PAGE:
Theodore Roosevelt

With limitless energy and a passionate sense of the nation, he set the stage for the American century

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    The obvious example of T.R.'s "Never Around" approach to statesmanship was the Panama Canal, which he ordered built in 1903, after what he called "three centuries of conversation." If a convenient revolution had to be fomented in Colombia (in order to facilitate the independence of Panama province and allow construction to proceed p.d.q.), well, that was Bogota's bad luck for being obstructionist and good fortune for the rest of world commerce. Being a historian, T.R. never tired of pointing out that his Panamanian revolution had been merely the 53rd anti-Colombian insurrection in as many years, but he was less successful in arguing that it was accomplished within the bounds of international law. "Oh, Mr. President," his Attorney General Philander Knox sighed, "do not let so great an achievement suffer from any taint of legality."

    Dubious or not as a triumph of foreign policy, the canal has functioned perfectly for most of the century, and still does so to the honor of our technological reputation, although its control has reverted to the country T.R. allowed to sprout alongside, like a glorified right of way.

    But T.R. deserves to be remembered, I think, for some acts more visionary than land grabbing south of the border. He fathered the modern American Navy, for example, while his peacemaking between Russia and Japan in 1905 elevated him to the front rank of presidential diplomats. He pushed through the Pure Food and Meat Inspection laws of 1906, forcing Congress to acknowledge its responsibility as consumer protector.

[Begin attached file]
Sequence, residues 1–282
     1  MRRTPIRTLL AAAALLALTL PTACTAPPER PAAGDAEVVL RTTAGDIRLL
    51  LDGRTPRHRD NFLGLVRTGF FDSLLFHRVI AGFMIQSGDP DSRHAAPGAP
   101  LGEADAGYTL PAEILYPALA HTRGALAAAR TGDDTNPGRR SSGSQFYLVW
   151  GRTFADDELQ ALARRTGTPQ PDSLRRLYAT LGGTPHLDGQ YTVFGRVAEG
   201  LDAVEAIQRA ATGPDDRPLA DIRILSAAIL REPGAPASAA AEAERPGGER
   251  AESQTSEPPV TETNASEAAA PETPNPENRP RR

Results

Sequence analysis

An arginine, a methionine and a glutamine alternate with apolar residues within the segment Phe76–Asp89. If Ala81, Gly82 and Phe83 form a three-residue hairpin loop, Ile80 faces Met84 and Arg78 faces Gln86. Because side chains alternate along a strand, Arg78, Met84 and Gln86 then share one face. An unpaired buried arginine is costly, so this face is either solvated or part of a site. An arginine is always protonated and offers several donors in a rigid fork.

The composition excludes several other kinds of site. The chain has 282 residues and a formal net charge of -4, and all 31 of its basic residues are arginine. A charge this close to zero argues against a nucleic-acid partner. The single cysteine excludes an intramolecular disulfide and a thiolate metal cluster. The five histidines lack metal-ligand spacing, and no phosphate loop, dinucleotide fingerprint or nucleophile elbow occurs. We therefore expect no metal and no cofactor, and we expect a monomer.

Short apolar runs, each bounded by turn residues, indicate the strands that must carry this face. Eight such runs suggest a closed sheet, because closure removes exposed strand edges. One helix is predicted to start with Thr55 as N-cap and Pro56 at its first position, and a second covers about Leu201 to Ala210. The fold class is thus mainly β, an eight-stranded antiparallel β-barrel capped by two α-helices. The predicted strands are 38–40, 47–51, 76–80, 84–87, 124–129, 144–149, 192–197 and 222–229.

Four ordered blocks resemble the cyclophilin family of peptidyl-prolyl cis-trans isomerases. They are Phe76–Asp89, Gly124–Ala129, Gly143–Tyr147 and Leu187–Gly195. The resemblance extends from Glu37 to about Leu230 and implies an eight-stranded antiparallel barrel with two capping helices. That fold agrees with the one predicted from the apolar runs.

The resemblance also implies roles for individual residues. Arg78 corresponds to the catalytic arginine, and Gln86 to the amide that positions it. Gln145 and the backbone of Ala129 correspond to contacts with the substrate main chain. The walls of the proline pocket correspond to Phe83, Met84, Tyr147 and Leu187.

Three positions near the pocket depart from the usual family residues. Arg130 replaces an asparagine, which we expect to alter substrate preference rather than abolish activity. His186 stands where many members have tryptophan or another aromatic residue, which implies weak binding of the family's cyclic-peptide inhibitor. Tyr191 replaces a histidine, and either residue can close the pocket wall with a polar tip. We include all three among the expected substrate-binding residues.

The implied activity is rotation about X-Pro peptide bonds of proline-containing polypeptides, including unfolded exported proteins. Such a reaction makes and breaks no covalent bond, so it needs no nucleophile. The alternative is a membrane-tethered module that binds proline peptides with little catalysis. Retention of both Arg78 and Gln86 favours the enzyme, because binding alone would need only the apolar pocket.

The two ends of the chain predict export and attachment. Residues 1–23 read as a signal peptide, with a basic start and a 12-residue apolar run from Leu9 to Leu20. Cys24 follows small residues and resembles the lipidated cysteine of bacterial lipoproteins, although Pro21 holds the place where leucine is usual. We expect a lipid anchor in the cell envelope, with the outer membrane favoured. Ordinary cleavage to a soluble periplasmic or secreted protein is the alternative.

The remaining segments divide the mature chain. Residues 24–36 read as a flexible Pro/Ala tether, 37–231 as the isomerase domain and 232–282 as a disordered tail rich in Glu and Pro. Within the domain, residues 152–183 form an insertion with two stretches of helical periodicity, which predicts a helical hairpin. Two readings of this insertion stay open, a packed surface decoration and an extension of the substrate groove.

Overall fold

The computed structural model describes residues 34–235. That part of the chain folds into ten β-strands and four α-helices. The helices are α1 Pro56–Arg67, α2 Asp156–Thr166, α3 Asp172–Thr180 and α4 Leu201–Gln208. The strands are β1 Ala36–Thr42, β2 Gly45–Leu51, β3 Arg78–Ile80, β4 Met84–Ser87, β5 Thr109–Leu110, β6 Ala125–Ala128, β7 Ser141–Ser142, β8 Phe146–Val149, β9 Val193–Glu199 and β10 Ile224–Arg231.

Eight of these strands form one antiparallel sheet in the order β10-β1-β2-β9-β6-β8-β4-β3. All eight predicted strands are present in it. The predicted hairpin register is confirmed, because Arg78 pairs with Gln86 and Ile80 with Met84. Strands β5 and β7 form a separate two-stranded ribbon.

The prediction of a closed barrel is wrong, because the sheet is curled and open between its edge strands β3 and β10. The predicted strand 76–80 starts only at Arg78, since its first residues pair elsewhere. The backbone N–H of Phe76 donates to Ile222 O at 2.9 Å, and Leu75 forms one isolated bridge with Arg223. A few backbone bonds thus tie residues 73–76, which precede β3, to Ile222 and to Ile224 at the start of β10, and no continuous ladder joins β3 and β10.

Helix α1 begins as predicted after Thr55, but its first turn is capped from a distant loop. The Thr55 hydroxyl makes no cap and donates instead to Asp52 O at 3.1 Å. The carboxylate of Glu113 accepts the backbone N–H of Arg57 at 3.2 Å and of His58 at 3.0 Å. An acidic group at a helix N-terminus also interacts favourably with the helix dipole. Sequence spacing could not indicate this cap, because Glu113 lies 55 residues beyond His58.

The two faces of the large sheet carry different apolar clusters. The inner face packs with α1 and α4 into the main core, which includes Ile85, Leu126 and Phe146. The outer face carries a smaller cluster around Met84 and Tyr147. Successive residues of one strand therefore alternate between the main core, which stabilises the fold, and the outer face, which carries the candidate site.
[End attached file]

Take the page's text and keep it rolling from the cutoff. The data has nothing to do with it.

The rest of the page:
Many other Rooseveltian acts loom larger in historical retrospect than they did at the time, when they passed unnoticed or unappreciated. For example, T.R. was the first President to perceive, through his own pince-nez, that this nation's future trade posture must be toward Asia and away from the Old World entanglements of its past. Crossing the Sierra Nevada on May 7, 1903, he boggled at the beauty and otherworldliness of California. New York--his birthplace--seemed impossibly far away, Europe antipodean. "I felt as if I was seeing Provence in the making."

    There was no doubt at all in T.R.'s leaping mind which would be the world's next superpower. Less than five years before, he had stormed San Juan Heights in Cuba and felt what he described as the "wolf rising in the heart"--that primal lust for victory and power that drives all conquerors. "Our and must be with the nations that have left indelibly their impress on the centuries!" he shouted in San Francisco.

    It's tempting to speculate how T.R. might behave as President if he were alive today. The honest answer, of course, is that he would be bewildered by the strangeness of everything, as people blind from birth are said to be when shocked by the "gift" of sight. But he certainly would be appalled by contemporary Americans' vulgarity and sentimentality, particularly the way we celebrate nonentities. Also by our lack of respect for officeholders and teachers, lack of concern for unborn children, excessive wealth and deteriorating standards of physical fitness.

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